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How to install a patch point?

Discussion in 'General Electronics Discussion' started by Yoa01, Aug 6, 2012.

  1. Yoa01

    Yoa01

    214
    0
    Jun 18, 2012
    I know, that title has horrible grammar. I'm sure you know what I'm talking about, though: I want to know how to install a patch point by a potentiomenter. I've tried Googling this and apparently it's a very well-kept secret among modders and such. What I want to do is this:
    switchjack.png
    At first, it would just be the pot's output signal to the wire on the far right. But, using a switchable jack (I have a couple and drew one here), I want it to be so that when the jack is not used, the pot reacts normally, but when it is being used the output is that only of the jack.

    This has been done on literally millions of things, yet I can't seem to figure it out. I've tried this design and a couple variations, but it seems I'm off somewhere. Can anyone help?
     
  2. shrtrnd

    shrtrnd

    3,676
    454
    Jan 15, 2010
    I don't know your application.
    If you're using the phono jack just like any device that ouputs to a speaker or a headphone
    type jack, they're designed for that purpose. (To work only the speaker or the headphone
    when you plug in the phono plug).
    Is your question about how to wire-up the headphone jack, or is there something else
    you're asking?
     
  3. Yoa01

    Yoa01

    214
    0
    Jun 18, 2012
    Right, sorry, should have specified. I don't know how familiar you are with analogue synthesizers, but some models are/were "semi-modular,' meaning that you had the normal pots and such affecting the sound, but you could also use a patch cable and use whatever signal was going through that to replace the pot. It could also use the pot as sort of a guide, whereas whatever signal was going through the cable/jack would use the pot's setting and stay within that range, which was more common.
     
  4. gorgon

    gorgon

    603
    24
    Jun 6, 2011
    What is the impedance for the (patch) cable? Is it 600ohm line impedance or something else? Does the attenuator need to match impedance?

    TOK ;)
     
  5. Yoa01

    Yoa01

    214
    0
    Jun 18, 2012
    And here is where I again feel like a total noob. After a bit of Googling and guesswork, we'll say 600, sure, but it seems a bit high. I'm using a 6" George L's instrument patch cable, if that helps at all.

    And what attenuator, the pot? If so, then I would assume so.

    I'll be honest, I'm not entirely the most electrically savvy person. Sorry!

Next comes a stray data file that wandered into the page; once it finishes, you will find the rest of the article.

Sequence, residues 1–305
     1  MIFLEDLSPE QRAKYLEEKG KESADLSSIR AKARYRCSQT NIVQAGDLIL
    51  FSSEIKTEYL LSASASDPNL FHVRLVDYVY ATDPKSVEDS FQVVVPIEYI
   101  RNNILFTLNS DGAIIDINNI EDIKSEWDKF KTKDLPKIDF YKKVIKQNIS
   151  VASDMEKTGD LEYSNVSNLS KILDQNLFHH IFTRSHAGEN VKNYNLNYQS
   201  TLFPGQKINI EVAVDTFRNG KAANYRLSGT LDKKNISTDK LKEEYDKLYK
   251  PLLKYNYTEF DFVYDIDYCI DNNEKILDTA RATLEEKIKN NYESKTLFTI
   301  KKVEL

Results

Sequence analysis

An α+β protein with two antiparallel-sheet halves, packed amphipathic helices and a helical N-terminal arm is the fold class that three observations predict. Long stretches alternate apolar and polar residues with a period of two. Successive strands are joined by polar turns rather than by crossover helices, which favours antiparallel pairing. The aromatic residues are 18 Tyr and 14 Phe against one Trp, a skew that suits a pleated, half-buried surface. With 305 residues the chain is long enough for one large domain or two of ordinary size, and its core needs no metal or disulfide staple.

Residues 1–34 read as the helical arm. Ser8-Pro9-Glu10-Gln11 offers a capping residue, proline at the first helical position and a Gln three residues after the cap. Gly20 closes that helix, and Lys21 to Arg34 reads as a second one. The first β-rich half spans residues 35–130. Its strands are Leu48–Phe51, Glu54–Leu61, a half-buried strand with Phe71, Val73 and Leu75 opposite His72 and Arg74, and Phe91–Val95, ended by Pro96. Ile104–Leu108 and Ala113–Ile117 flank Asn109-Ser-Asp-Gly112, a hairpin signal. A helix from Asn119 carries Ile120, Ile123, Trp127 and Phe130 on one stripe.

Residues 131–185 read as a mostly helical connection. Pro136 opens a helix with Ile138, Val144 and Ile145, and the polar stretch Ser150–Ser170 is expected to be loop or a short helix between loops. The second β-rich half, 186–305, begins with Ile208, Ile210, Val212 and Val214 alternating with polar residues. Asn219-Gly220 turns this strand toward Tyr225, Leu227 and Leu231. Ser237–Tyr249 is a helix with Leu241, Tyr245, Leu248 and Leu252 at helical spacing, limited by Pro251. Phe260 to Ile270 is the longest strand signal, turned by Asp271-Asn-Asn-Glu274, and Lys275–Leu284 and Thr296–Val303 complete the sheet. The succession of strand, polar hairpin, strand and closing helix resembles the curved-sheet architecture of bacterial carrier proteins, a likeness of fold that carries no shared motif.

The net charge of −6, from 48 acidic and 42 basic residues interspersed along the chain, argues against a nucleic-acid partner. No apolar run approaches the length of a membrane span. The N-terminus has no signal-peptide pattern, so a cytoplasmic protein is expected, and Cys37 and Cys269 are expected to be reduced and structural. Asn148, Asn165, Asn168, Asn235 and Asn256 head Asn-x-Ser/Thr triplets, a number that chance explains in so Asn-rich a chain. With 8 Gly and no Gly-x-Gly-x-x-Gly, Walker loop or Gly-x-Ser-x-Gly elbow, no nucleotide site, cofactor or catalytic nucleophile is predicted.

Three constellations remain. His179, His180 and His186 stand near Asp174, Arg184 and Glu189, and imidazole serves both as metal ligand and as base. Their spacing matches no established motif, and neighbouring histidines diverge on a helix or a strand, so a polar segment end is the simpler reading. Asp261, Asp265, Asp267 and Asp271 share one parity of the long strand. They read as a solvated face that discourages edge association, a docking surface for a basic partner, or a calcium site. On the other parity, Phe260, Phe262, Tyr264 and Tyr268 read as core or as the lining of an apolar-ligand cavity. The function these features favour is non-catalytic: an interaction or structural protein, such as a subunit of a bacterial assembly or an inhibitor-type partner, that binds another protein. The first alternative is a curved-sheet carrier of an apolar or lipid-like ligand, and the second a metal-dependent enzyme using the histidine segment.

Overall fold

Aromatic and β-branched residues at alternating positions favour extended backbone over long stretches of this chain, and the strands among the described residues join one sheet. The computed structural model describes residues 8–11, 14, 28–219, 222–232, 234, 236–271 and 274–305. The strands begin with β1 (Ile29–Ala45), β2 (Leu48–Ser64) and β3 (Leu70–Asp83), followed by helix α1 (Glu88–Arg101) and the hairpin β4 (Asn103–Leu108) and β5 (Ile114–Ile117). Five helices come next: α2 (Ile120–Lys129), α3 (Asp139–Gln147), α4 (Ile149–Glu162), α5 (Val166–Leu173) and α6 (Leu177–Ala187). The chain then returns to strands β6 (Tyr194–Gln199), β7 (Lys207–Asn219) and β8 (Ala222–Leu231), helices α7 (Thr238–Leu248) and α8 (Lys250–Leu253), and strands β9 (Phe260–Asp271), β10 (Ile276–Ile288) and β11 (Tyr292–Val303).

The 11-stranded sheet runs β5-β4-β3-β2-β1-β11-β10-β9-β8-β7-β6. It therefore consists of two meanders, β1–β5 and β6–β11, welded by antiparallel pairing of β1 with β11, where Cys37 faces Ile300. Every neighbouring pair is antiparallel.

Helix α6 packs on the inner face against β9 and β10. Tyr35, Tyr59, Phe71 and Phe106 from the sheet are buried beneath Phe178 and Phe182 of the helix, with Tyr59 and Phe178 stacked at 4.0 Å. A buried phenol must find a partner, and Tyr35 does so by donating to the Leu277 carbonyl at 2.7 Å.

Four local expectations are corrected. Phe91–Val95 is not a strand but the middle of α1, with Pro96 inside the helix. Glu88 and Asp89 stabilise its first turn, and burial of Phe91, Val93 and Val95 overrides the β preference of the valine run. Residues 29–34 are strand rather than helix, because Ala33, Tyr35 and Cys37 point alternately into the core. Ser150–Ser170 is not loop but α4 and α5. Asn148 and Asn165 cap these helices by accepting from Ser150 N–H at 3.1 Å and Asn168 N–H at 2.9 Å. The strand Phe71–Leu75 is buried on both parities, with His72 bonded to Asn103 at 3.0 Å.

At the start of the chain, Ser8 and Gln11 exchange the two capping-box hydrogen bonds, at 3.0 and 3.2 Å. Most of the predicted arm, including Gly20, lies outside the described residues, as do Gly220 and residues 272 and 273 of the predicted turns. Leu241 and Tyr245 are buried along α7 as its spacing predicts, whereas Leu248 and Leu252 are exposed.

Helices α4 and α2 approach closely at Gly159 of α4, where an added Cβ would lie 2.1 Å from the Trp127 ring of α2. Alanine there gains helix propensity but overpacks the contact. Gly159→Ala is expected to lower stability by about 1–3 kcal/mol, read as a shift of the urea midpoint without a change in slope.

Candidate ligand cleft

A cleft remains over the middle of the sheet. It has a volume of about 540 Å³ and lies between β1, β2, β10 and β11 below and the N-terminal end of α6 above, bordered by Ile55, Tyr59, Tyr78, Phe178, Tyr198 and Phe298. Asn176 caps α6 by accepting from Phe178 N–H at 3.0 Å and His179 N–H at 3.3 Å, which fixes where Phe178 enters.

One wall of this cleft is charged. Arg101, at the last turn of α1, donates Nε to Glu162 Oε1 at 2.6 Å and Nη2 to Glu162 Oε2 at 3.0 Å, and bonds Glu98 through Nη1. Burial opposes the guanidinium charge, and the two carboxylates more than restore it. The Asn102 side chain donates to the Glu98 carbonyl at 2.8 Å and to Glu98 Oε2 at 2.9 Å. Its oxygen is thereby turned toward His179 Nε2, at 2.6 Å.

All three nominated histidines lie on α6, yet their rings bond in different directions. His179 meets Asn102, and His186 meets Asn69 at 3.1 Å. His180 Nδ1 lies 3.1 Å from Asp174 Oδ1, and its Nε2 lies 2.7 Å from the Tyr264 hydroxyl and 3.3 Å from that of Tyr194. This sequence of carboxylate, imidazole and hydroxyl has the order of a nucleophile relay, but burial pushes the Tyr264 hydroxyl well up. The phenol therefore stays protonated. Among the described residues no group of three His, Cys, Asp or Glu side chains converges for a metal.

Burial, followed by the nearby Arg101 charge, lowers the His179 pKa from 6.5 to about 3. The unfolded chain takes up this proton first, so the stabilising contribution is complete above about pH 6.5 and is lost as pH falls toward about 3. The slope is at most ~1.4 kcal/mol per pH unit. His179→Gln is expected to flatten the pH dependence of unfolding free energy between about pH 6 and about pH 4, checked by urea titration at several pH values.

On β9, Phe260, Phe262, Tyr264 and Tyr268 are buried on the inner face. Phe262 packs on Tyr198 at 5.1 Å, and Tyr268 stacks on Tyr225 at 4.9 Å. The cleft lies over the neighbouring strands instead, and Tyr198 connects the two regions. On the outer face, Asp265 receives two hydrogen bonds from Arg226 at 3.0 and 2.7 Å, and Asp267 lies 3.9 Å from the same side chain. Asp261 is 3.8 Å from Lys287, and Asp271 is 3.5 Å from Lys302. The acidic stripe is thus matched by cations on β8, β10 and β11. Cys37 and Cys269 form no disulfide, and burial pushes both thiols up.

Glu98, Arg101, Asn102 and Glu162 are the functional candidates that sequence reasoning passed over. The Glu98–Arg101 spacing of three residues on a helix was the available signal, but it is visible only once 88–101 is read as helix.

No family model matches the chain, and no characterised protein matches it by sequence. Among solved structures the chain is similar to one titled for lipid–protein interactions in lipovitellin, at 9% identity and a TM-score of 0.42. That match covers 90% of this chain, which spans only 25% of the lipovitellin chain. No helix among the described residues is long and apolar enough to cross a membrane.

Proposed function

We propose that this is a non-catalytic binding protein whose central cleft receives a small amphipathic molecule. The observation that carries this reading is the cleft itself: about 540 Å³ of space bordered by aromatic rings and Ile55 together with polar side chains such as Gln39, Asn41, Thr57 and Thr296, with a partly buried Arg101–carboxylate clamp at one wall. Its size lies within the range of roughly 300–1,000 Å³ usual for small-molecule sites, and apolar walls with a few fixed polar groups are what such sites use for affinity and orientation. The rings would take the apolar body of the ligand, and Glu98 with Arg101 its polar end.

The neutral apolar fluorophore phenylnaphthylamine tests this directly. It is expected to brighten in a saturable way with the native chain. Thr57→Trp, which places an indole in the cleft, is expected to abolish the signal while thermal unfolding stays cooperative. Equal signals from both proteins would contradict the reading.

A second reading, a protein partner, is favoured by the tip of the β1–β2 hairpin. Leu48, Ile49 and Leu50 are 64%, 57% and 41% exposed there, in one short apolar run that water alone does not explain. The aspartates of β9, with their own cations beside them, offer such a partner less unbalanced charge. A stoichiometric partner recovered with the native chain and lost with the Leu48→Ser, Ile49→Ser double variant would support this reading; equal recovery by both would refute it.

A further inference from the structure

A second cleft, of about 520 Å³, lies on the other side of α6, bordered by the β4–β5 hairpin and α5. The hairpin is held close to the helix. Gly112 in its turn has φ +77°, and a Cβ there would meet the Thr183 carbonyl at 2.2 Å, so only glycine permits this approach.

6. Yoa01

    Yoa01

    214
    0
    Jun 18, 2012
    Ok, I also asked for help from Kevin Lightner (of Synthfool.com), and he replied with exactly what I was thinking:

    "If you want a jack to over-ride a pot, the output from the pot (the center terminal) should be hooked to the normal on the jack. That is, when there's no plug inserted, the normal shorts to the tip of the jack and the pot sends its signal to where you want it. When a plug is inserted, it removes this normalled connection and instead the signal on the plug hits the tip and substitutes whatever the cable is carrying."

    My apologies, I always seem to have troubles explaining stuff. Thank you, though!
     
  7. Yoa01

    Yoa01

    214
    0
    Jun 18, 2012
    Sorry to bring this topic back up, but I've done some research into the subject and have come up with three possible ways to do it, along with how to make a CV attenuator. Only problem is, I'm not sure if any would work.

    From what I've seen, most of these are using pots as rheostats. The CV inputs are mono jacks, signal outputs would be replacing the signal the pot was outputting (wiper position). Here are my conclusions:
    cvpot.png
    Let me explain:

    A: This was used in a mixer, with the setup like the grey input section here:
    cvpota.gif
    B: This, I think, would make the CV input signal run through the pot and replace the wiper value with the CV value. At least, that's what it's described to do.
    C: I think this would work as a 5v attenuator.
    D: This one is the setup I referred to in the last post, using a switched jack, which seems the most logical.

    What I want to know is, would any of these (aside from C, which would probably work)take a CV signal, say, +3v, and use that to replace what the wiper is set to (say, +1v)? Say the use is to control filter cutoff.

    Thanks! And ask if you need clarification. I'll try.
     
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